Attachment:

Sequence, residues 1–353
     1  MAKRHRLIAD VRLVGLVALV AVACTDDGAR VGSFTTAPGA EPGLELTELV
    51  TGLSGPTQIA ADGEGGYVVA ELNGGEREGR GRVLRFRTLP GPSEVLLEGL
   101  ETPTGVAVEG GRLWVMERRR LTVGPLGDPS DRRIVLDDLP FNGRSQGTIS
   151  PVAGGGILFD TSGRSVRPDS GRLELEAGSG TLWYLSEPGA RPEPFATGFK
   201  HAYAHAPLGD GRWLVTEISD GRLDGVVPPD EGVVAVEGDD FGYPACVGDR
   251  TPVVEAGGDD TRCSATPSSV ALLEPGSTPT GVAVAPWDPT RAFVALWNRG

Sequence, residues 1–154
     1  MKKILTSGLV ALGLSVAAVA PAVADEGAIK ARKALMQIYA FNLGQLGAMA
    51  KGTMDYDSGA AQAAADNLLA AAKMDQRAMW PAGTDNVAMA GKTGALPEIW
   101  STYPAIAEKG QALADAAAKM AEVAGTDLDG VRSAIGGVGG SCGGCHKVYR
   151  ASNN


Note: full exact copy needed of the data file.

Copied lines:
Sequence, residues 1–353
     1  MAKRHRLIAD VRLVGLVALV AVACTDDGAR VGSFTTAPGA EPGLELTELV
    51  TGLSGPTQIA ADGEGGYVVA ELNGGEREGR GRVLRFRTLP GPSEVLLEGL
   101  ETPTGVAVEG GRLWVMERRR LTVGPLGDPS DRRIVLDDLP FNGRSQGTIS
   151  PVAGGGILFD TSGRSVRPDS GRLELEAGSG TLWYLSEPGA RPEPFATGFK
   201  HAYAHAPLGD GRWLVTEISD GRLDGVVPPD EGVVAVEGDD FGYPACVGDR
   251  TPVVEAGGDD TRCSATPSSV ALLEPGSTPT GVAVAPWDPT RAFVALWNRG

Sequence, residues 1–154
     1  MKKILTSGLV ALGLSVAAVA PAVADEGAIK ARKALMQIYA FNLGQLGAMA
    51  KGTMDYDSGA AQAAADNLLA AAKMDQRAMW PAGTDNVAMA GKTGALPEIW
   101  STYPAIAEKG QALADAAAKM AEVAGTDLDG VRSAIGGVGG SCGGCHKVYR
   151  ASNN